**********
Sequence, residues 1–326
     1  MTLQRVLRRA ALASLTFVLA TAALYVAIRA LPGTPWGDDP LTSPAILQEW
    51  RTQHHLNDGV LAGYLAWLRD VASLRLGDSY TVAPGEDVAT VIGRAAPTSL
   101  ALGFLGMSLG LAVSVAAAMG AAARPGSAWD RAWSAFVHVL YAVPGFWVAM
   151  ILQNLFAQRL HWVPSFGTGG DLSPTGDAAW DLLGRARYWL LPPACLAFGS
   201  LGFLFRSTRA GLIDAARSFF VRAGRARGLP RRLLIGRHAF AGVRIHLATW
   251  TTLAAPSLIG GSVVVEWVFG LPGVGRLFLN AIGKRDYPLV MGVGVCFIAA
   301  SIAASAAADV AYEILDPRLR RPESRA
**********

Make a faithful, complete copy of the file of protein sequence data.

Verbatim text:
Sequence, residues 1–326
     1  MTLQRVLRRA ALASLTFVLA TAALYVAIRA LPGTPWGDDP LTSPAILQEW
    51  RTQHHLNDGV LAGYLAWLRD VASLRLGDSY TVAPGEDVAT VIGRAAPTSL
   101  ALGFLGMSLG LAVSVAAAMG AAARPGSAWD RAWSAFVHVL YAVPGFWVAM
   151  ILQNLFAQRL HWVPSFGTGG DLSPTGDAAW DLLGRARYWL LPPACLAFGS
   201  LGFLFRSTRA GLIDAARSFF VRAGRARGLP RRLLIGRHAF AGVRIHLATW
   251  TTLAAPSLIG GSVVVEWVFG LPGVGRLFLN AIGKRDYPLV MGVGVCFIAA
   301  SIAASAAADV AYEILDPRLR RPESRA